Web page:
Net Promoter Score in Health Care

DHP Research thepatientoutcomesblog

This week I’m very happy to share with you the contribution of the first of our guest bloggers, Andrew S. Gallan, PhD. Assistant Professor, Department of Marketing, Driehuas  College of Business, DePaul University, Chicago and faculty research fellow at the Center for Services Leadership at Arizona State , who discusses the use of the Net Promoter Score (NPS) in healthcare.

Net Promoter Score (NPS) is a valuable metric, and it has no doubt been adopted by many companies and industries.  NPS is a simple, easy to use, and easily calculated metric that is intuitively associated with business health (Reichheld, Fredrick F. (2003), “The One Number You Need to Grow,” Harvard Business Review, 81 (December), 46-54). Health care organizations are beginning to see its value, and are debating how it is best used (for a discussion, see http://www.linkedin.com/groupItem?view=&type=member&gid=1912473&item=167418244&commentID=102337101&trk=eml-anet_dig-b_pd-pmr-cn&ut=3z8Ty_z5VcWRs1).

NPS is calculated by asking your customers one question: “How likely is…

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Optimizing the Patient and Family Experience by Mapping the Gaps in Efficiency Plus Empathy

Experience Innovation Network

2014 Duffy Headshot_FINAL 2 (3) M. Bridget Duffy, M.D. Chief Medical Officer Vocera Communications

In an era that challenges organizations to do more with fewer resources, patient experience is often an add-on for health systems. However, we can no longer solely focus on stripping out seven types of waste to reduce cost as a growing body of evidence points to the human experience as a key driver for better performance. It will be a strategic focus on efficiency plus empathy that will drive improvements in financial performance, market differentiation, patient engagement and loyalty, and clinical outcomes.

Healthcare is transformed when emotional needs of patients and families are identified and addressed, as confirmed by industry thought leaders who gathered at the recent CXO Roundtable to elevate the meaning of patient engagement. When we map the gaps in the human experience of care, patients and loved ones use consistent themes to describe why they had an exceptional…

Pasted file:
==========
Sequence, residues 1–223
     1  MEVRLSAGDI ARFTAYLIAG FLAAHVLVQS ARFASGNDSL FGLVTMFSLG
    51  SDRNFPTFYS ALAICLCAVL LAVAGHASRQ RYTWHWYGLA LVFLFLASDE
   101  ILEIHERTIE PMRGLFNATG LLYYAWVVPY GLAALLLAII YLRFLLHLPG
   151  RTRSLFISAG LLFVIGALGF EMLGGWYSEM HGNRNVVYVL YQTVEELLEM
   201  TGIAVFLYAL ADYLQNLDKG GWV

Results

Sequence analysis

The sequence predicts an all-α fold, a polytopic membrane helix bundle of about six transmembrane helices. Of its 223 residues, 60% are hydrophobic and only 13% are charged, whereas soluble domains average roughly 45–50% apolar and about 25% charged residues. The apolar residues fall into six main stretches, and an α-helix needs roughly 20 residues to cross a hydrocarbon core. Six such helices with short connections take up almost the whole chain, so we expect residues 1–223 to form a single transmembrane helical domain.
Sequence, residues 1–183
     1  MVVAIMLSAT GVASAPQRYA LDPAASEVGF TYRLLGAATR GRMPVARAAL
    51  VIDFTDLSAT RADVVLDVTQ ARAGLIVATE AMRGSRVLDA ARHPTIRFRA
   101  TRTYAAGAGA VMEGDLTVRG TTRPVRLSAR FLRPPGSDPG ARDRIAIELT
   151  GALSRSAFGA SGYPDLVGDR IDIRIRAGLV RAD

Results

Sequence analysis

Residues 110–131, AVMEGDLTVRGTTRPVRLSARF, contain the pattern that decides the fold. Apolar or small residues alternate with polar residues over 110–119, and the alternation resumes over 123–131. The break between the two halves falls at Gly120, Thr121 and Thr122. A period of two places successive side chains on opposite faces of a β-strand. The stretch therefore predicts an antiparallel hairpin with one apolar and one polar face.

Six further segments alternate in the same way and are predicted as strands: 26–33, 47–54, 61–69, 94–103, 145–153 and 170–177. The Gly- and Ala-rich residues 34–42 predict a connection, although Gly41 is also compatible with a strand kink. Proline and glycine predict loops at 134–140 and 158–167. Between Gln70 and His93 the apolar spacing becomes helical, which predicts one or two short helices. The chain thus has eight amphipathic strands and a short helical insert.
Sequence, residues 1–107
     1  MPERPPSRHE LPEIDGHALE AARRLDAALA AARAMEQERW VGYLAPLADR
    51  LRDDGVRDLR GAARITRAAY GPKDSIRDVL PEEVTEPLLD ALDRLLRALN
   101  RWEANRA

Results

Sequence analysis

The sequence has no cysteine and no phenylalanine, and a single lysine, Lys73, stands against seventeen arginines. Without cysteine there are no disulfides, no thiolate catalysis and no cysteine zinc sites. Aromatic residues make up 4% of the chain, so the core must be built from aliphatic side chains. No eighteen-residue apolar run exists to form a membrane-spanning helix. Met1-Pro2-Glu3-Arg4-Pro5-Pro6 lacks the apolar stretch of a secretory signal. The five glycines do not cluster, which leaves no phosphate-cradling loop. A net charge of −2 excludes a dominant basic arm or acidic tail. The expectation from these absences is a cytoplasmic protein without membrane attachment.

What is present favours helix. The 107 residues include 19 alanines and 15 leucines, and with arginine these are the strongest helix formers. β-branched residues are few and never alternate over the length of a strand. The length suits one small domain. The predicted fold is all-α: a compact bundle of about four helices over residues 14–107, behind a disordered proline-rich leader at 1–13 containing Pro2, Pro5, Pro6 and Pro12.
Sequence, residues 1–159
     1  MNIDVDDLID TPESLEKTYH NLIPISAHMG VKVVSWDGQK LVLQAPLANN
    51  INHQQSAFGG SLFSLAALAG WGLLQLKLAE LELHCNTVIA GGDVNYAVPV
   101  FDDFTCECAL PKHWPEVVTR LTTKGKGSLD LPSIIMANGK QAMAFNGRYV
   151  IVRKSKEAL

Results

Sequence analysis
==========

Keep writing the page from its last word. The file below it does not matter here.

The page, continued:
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Gratitude Is the New Willpower


Reprise: Can You Really Be Happy Serving Others? Absolutely—Here’s Why

Blanchard LeaderChat

Note With Happy Face In our new book, Legendary Service: The Key is to Care , Ken Blanchard, Vicki Halsey and I use a parable format to teach some very important—and often surprising—elements of creating a customer focused culture within a company.  Even though we use a fictional story to get the point across, all of the examples and lessons come from real life experiences the three of us have had while creating customer-centric cultures in the organizations we have worked with.

For example, one of the main characters in our story, Professor Hartley, a college professor who teaches business at the local university gives his students an assignment to help them recognize the importance of building stronger relationships when serving customers. Hartley also wants them to be less focused on themselves and more focused on the people they are interacting with.  He gives them some general instructions to be friendly, learn and use customer’s…

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Visualizing Zero: How to Show Something with Nothing


Physicians’ empathy can lead to physical improvements in patients

The Wellesley News

By STEPHANIE GALL ’14

Staff Columnist 

If you have ever developed a close relationship with your doctor, you know the effect a positive, supportive connection can have on the entire treatment process. Physicians do more than treat physical pains or illnesses; they give emotional care as well. As the director and founder of Massachusetts General Hospital’s Empathy and Relational Science Program, Dr. Helen Riess studies how physicians’ empathy can impact their patients’ health and well-being.

Her most recent findings show that improving the quality of clinicians’ relationships with their patients can produce small but significant improvements in their patients’ physical health. “I hope doctors realize that taking the extra time to make themselves available or remember things about their patients will not only strengthen the relationship they have with their patients but will also result in patients’ overall health improvements,” Riess said.

Past research has examined how manipulating specific facets…

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The power of learning ‘systems thinking’

Virginia Mason Medical Center Blog

“We strive to give residents insight into their critical role in system improvement.”
-Brian Owens, MD

The voices of two young physicians speak eloquently about the value of systems thinking in health care.

Residents Camille Johnson, MD, internal medicine, and Carlo Milani, MD, preliminary medicine, find significant value in learning about systems thinking as part of their training. “At Virginia Mason, systems thinking starts with a very different culture,” says Dr. Johnson. “There is a pervasive egalitarian culture that has to be there for process improvement to work. To me, that is one of the bedrocks of process improvement − everyone has to feel safe voicing their perspective.”

Dr. Johnson has dug into learning about systems processing by taking a Virginia Mason Production System for Leaders course, a rigorous initiative required for all leaders within the organization. “The course focuses on lean processes, applying lean tools to a process you…

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